Citizen engagement may not sound like a tech trend, but the survey revealed that cities are embracing social media tools and online survey programs to interact with citizens in new and innovative ways. This is especially true among smaller jurisdictions. Avondale, Ariz., population 78,822, is engaging citizens with a mobile app and an online forum that solicits ideas that other residents can vote up or down.

You can read more here.

Contributor: Elliott Parisi, Pepperdine School of Public Policy, MPP Candidate ’15


21st Century Civic Education

Editor’s correction: this post originally described City Digits as and MIT project.  It has been brough to our attention that the project is actually spearheaded by CUNY. Laurie H. Rubel is the principal investigator collaborating with MIT’s Civic Design lab. The linked CampusTechnology article was updated after it was brought to our attention.

City University New York (CUNY), in collaboration with MIT’s Civic Data Design Lab, has undertaken a project with New York City Public Schools to help students improve math skills and civic literacy at the same time:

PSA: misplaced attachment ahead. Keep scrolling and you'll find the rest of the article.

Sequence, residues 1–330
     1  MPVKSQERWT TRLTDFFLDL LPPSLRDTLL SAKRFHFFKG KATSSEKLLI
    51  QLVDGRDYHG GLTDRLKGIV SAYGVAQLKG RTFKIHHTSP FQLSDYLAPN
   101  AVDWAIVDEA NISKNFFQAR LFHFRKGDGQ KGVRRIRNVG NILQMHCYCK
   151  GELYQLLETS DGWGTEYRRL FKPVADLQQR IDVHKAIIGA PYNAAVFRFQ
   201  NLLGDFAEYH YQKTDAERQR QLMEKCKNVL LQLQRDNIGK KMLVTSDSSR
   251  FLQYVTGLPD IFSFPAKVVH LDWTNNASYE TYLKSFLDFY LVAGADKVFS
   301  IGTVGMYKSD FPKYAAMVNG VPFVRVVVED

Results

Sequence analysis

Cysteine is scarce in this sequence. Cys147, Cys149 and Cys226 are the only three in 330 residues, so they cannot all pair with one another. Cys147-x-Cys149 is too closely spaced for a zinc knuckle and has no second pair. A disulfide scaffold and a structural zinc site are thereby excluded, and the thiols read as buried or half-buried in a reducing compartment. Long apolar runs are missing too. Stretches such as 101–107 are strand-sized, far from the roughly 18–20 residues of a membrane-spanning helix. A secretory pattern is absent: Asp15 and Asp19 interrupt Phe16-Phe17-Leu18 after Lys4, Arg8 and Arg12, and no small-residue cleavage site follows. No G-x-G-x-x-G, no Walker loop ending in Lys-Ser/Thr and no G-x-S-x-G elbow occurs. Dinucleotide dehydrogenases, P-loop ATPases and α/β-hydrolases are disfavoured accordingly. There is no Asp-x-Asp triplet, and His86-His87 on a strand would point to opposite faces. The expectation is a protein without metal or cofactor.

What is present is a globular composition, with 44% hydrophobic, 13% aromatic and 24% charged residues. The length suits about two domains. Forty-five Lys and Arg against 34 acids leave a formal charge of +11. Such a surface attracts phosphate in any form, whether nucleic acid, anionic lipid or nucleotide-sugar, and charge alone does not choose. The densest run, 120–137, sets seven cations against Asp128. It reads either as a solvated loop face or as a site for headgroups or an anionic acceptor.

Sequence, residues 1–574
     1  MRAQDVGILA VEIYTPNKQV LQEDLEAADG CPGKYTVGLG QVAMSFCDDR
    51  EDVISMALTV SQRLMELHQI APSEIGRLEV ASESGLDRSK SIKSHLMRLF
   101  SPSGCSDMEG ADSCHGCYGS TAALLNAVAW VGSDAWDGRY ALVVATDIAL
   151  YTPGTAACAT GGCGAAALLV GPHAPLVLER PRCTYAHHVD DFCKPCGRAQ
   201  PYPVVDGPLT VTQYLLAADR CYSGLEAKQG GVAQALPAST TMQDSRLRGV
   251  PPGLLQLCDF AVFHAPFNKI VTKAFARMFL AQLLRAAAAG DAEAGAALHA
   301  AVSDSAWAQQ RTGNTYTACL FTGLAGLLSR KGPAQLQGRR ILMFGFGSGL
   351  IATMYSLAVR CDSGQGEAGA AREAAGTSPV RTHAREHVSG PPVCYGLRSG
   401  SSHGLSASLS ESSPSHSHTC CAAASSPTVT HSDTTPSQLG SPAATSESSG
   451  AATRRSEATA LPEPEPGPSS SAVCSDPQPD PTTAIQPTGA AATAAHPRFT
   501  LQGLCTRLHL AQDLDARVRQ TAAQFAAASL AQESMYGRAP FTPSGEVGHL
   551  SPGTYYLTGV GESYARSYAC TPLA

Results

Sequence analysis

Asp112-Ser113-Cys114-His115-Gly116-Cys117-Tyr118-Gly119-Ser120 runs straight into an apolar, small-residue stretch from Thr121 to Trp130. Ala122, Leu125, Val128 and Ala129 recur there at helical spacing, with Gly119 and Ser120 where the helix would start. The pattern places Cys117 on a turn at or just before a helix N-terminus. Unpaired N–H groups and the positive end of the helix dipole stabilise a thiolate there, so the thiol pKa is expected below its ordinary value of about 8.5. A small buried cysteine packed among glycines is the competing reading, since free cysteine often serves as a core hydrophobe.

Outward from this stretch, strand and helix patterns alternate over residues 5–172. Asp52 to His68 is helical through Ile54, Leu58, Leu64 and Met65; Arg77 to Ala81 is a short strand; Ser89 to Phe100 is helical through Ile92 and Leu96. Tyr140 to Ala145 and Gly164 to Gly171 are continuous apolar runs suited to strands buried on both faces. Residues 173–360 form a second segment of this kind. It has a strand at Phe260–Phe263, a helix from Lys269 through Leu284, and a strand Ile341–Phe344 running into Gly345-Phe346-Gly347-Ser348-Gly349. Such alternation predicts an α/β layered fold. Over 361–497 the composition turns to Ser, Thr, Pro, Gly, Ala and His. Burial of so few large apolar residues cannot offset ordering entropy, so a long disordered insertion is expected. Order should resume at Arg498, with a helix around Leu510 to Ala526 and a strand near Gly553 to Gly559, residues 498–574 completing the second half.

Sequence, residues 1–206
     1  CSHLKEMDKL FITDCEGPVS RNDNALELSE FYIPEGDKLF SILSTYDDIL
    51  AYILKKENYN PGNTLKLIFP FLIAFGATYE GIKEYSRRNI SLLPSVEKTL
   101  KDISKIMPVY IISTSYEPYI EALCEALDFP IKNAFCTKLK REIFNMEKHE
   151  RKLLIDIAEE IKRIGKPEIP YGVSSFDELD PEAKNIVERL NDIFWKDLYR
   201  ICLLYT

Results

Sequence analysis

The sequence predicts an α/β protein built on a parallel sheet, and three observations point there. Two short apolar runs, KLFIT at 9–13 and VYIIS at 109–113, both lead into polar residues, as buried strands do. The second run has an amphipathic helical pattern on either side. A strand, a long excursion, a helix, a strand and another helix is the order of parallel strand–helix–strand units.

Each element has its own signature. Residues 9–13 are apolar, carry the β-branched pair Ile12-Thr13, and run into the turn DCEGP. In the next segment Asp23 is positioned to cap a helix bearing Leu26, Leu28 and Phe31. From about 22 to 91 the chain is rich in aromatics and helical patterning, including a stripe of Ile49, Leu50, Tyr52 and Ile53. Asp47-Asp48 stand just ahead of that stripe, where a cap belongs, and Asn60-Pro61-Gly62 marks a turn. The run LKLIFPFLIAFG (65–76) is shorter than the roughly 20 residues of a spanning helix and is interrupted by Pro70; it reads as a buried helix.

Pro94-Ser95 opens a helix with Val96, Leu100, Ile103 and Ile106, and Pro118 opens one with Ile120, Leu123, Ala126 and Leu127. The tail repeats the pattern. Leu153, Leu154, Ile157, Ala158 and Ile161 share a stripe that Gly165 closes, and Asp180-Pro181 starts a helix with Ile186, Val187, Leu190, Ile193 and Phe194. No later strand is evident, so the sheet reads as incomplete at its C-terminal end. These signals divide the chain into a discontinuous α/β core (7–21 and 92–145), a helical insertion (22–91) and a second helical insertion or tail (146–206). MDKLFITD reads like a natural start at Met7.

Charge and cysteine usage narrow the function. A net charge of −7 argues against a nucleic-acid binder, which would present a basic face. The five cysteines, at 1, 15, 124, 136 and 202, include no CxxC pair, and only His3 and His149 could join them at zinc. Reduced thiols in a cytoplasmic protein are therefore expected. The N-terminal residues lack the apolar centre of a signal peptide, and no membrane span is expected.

“Every day we read that big data is going to change the world,” said (Sarah) Williams in a prepared statement. “But if we can’t read or understand that data, it’s going to be hard to make effective decisions. I feel it’s important to promote data literacy among youth and the general population so they can analyze information with a critical eye, understand what statistics mean and learn more about the community in which they live.”

The first piece to be unrolled looks at lottery ticket sales throughout the city, but it isn’t hard to imagine many other projects students could engage with.  You cane read more here or explore the City Digits site here.

More about Brigade

Back in June we highlighted Sean Parker’s new civic engagement tech start-up. Half a year down the road, the specifics of what Brigade will do are still being hammered out but the litany of partners and supporters is only growing:

The company touted partnerships with an eclectic set of eight issue advocacy group including environmental group Rainforest Action Network, the conservative Americans for Tax Reform and the Drug Policy Alliance, an anti-drug war group funded liberal billionaire George Soros. San Francisco-based Brigade, a 40-person-plus company that expects to launch next year, disclosed its existence in April when it announced a $9.3 million investment from Parker, who is chairman.

You can read more here.